The next day more memories flooded into my head. I remembered the campaign of 2148 and how I ran for President on an aggressive policy against our arch enemy, China, who had overrun much of Southeast Asia in the previous decade due to the appeasement policy of my predecessor. I recall pounding on my desk during my first debate when describing the dire economic consequences that would occur if we allowed China to continue to expand. We needed to strengthen our military alliance with Russia who was the first line of defense with their long border with China. My opponent, Dan Cauthen, had advocated negotiations that had long failed to produce any meaningful agreement. The moderator at our first debate asked what I would do if China’s border war with Russia escalated into a full scale invasion of Russia. I said it would never happen under my regime. I would threaten a military strike against Beijing and carry it out if necessary. The public was fed up with the policy of appeasement and that lead to my landslide victory that November.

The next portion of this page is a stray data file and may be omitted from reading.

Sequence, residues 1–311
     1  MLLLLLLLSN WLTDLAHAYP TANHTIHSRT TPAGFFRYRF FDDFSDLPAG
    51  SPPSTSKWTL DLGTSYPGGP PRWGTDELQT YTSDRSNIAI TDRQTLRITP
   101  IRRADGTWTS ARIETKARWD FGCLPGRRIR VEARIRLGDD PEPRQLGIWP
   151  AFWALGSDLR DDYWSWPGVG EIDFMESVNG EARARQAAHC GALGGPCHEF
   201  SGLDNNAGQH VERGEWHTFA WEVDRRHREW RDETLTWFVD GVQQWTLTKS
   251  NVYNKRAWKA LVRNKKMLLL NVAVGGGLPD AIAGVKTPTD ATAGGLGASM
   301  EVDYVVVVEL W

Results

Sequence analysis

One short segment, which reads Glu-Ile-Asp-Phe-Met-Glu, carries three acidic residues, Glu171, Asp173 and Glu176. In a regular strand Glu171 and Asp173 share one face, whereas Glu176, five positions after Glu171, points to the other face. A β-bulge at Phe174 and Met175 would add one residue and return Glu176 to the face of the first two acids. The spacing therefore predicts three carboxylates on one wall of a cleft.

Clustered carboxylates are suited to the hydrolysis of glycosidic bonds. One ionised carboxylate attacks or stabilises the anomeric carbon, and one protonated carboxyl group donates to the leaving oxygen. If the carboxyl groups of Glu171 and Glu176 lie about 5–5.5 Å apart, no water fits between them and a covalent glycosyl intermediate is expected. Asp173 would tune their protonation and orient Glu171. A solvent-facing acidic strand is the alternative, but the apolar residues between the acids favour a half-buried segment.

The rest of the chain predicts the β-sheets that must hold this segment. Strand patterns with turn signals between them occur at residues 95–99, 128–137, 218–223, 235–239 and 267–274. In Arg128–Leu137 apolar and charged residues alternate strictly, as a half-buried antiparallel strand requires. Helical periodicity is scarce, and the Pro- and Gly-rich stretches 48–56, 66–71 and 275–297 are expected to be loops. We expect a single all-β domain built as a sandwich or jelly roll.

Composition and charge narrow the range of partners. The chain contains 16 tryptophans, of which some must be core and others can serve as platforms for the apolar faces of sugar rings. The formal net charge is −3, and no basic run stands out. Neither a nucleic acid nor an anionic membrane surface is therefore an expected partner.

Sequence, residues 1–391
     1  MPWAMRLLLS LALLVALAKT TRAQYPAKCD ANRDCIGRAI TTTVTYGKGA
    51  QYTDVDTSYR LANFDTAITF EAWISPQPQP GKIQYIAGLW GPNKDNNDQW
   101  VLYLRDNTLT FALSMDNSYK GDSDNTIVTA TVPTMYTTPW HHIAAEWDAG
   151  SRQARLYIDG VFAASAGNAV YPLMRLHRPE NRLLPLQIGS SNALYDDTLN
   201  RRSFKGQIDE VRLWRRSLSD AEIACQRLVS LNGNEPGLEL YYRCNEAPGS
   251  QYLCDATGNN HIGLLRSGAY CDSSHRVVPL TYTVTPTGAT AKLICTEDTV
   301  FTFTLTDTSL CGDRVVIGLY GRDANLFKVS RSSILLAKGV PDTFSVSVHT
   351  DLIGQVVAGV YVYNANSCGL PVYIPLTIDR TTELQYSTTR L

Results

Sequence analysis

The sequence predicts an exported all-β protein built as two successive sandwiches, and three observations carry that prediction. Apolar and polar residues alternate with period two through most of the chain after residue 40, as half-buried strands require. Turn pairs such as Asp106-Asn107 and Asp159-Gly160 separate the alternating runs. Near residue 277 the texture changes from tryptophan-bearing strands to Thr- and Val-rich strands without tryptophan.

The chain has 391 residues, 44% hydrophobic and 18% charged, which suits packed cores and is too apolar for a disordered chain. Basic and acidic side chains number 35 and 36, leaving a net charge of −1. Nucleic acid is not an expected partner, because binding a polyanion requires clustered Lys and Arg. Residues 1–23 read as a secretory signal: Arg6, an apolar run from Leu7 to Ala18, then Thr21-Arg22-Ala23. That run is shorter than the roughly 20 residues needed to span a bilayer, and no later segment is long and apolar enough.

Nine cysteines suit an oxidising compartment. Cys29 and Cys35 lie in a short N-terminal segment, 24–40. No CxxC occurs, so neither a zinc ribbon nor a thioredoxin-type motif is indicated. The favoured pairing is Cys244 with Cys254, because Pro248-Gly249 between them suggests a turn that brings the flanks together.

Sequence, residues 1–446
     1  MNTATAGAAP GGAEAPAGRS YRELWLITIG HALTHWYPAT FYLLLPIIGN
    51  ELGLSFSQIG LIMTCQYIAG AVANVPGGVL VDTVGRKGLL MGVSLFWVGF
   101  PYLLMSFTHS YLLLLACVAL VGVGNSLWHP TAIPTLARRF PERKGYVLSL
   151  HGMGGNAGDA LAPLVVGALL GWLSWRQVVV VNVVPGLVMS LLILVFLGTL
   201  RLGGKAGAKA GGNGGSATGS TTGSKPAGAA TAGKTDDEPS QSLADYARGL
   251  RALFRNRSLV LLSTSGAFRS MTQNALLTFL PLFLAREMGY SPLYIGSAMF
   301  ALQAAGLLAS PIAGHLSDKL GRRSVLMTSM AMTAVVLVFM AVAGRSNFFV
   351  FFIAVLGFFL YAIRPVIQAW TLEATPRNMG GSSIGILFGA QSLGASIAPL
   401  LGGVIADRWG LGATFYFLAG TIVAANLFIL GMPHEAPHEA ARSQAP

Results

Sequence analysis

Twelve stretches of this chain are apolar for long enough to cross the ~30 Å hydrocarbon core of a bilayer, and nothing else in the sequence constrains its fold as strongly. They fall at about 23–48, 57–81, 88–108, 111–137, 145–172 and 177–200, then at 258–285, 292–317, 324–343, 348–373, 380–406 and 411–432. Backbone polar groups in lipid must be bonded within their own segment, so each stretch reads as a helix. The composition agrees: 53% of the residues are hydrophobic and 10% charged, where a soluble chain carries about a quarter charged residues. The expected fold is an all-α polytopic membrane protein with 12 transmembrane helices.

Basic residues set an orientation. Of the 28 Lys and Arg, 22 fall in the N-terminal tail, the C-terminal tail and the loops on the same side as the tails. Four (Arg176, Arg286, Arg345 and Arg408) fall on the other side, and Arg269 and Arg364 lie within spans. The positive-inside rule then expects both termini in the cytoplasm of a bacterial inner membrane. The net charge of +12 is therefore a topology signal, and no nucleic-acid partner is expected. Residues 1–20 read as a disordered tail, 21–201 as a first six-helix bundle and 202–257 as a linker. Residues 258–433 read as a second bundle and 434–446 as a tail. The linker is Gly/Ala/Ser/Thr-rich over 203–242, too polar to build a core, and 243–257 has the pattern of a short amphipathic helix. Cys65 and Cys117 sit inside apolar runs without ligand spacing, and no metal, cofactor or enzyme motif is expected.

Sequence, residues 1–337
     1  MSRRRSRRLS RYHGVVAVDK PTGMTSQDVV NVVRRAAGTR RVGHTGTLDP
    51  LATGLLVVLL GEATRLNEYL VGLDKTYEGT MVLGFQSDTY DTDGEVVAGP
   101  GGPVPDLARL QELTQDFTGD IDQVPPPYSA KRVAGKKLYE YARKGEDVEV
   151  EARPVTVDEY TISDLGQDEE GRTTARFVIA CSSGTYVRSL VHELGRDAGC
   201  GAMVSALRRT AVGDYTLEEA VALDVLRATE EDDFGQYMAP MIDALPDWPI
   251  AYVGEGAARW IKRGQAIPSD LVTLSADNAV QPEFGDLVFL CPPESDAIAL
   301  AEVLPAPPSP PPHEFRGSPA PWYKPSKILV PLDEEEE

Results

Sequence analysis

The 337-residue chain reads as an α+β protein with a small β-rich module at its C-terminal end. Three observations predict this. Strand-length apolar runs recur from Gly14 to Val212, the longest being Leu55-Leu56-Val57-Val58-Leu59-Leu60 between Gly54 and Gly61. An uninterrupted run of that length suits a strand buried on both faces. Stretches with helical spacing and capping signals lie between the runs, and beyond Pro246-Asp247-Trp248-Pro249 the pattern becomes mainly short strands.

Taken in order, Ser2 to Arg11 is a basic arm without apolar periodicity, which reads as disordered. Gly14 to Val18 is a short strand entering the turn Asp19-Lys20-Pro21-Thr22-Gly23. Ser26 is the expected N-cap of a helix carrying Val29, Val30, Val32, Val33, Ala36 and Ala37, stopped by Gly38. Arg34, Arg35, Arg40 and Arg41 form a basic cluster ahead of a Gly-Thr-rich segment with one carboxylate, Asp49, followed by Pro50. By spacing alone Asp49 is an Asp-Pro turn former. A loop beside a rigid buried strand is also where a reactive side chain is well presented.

My thoughts were broken by a nurse who told me that I had a visitor. Who could this be? I had no family since my wife and three children were killed in the attack, and no one had visited me since I have been here. The nurse said the visitor wanted it to be a surprise and I was to meet him in the visitor lounge. As I approached the lounge I saw a solitary figure standing through the window. Could it be who it appeared to be? It was an elderly Chinese man who looked like the premier of China when I was President. He must have been retired for years as he was already elderly when I was president. When I entered the lounge he had a sad look on his face and seemed too overwhelmed by emotion to speak. I strangely enough had no emotion at all, just a dead feeling inside. I supposed that was the effect of my medication which blunted the effect of all emotions. After a long pause, Lao Ping started to speak, his head still looking down. “Mr. President, it was very hard to make this trip. I wanted to see you earlier, but Dr. Kelly told me you wouldn’t have been able to process what I’m about to say until now. I don’t know how to express my extreme remorse over the events of 2152. I want you to know that I did not order that attack. I did everything I could to stop it. My military chief told me that it had to be done and I didn’t have full control over the government. It was not like in America where a civilian is the commander in chief of the armed services. In our system, the military commanders can take action in cases of a dire national emergency as long as they have the consent of the politburo. I spoke out against it, and after it happened I was removed from power. America and her allies never believed it and still think I gave that order and then refused to take responsibility for my actions when it backfired. But I want you to know the truth and to express my sincere condolences for the loss of your family.” I felt a lump in my throat and my eyes began to water. It was the first gleaming of an emotion since I’ve been here. “Why did your military want to attack us?” I asked. He continued to look down as he replied. “They thought you were ordered an attack against us. They had seen what they thought we incoming ICBMs and they had to launch a counterattack before they could be sure. Instead of launching a nuclear attack which would have destroyed both countries, they decided on a surgical strike on the IS government starting with the White House. We managed to penetrate your air defenses and were planning to also hit the capitol and the pentagon. But after the White House we found out that it was a false alarm. Frankly the rhetoric between our countries got out of control and escalated to a level neither of us could imagine at the time. I’m glad that relations between our countries are much better now.” “I’m glad to hear they are better too,” I said. I also regret that set I the tone that may have contributed to this tragedy.” We hugged until the nurse came by and said it was time for my medication. I could feel the release of my inner demons for the first time since I was here. I couldn’t wait to tell Dr. Kelly.